🗣 Lecture | On Wednesday, MMU’s Professor Chris Hatton will be giving his inaugural lecture “Things can’t only get better”, which will look at learning disabilities and Covid-19. Watch online.
'It all went horribly wrong for Manchester Pride'
Last year, Manchester Pride was accused of losing its way. Critics said it had strayed from its activist roots and didn’t give enough money to the charities it should be supporting. A thousand people marched through Manchester to denounce the organisation. A six-month exercise of listening and penance has resulted in a bundle of new proposals, including dropping flagship music festival Manchester Pride Live, at least for this year.
In our latest Mill podcast, we speak to leading figures in Manchester’s LGBTQ community about the crisis and whether Pride can turn it around. Plus, we discuss whether Manchester is experiencing a London-style housing crisis, and speak to historian Dr Thomas McGrath about a famous painting of mill girls in Wigan.
Even if you’ve never listened to a podcast before in your life, give ours a go. You can listen on a normal web browser or on your phone by clicking this link — you don’t need a podcast app. We put out a new episode every week, digging into the week’s local headlines and zooming in on a couple of stories we think you might want to know more about.
Our favourite reads
A few months ago, our sister newsletter The Post in Liverpool came across a group of people who are searching for their long-lost families, including a woman called Jan. “When she was 18, she started looking for her biological mum. Social services gave her the address of a family home in Stockport. It was 1980, and she turned up at the door alone. An old man in the garden next door looked at her and said ‘You’re one of the family, aren’t you.’ She was startled but said yes, I am.”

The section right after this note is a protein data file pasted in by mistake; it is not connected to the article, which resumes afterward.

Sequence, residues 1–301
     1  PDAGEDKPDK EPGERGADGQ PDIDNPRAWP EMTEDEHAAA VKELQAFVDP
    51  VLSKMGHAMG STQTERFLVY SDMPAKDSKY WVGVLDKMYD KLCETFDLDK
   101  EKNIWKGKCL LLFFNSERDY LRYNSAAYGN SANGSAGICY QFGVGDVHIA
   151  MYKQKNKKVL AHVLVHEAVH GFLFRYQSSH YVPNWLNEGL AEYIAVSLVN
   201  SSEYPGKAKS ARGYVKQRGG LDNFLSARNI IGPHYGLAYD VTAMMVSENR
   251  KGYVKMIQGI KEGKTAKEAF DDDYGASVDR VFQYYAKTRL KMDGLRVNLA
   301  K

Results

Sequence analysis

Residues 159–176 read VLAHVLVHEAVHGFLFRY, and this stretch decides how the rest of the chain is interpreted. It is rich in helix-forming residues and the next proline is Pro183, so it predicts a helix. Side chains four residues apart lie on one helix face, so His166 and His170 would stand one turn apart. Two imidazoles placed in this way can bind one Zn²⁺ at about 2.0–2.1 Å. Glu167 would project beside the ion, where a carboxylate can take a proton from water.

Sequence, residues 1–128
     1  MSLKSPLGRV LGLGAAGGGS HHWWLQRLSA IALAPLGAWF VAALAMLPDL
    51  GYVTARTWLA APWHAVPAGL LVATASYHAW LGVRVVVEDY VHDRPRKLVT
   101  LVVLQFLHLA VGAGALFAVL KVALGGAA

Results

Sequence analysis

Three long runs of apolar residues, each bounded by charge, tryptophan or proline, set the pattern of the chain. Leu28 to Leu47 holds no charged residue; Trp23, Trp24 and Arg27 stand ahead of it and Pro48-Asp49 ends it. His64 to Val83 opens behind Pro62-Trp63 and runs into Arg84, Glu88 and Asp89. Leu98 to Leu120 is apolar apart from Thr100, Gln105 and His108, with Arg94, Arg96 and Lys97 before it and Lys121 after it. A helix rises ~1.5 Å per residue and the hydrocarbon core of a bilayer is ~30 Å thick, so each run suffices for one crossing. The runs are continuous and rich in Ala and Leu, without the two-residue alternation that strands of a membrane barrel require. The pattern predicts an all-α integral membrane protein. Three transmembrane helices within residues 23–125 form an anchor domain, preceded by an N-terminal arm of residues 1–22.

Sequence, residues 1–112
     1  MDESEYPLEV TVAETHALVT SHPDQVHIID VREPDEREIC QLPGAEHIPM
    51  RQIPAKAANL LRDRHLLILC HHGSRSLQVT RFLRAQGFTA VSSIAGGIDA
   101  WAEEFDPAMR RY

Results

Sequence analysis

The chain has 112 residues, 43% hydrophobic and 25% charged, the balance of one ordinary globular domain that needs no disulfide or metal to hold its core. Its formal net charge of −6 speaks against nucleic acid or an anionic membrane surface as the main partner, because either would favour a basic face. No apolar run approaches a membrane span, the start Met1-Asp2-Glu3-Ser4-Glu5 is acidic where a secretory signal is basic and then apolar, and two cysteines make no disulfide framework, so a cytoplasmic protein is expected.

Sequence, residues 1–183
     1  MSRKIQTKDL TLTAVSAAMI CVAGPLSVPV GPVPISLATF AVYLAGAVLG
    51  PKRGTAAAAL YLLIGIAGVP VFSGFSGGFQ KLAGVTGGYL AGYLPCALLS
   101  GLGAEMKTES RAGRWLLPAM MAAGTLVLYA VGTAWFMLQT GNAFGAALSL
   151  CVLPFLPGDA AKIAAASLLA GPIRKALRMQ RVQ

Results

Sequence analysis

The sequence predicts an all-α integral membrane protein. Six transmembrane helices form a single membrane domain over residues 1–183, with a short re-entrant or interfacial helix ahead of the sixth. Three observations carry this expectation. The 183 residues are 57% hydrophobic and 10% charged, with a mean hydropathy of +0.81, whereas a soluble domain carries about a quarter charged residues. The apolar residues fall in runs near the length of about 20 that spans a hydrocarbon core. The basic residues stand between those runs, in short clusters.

Council spends £200m on tackling climate change — Manchester Evening News
This piece from local democracy reporter Joseph Timan takes a look at Manchester council’s climate change expenditure, despite the city not decarbonising at the rate required to become carbon neutral by its 2018 deadline. “While praising the ambition of the strategy, councillors expressed frustration at the pace of progress on the plans, with one saying: ‘It feels as if we're constantly refreshing rather than actually coming up with a hard plan.’“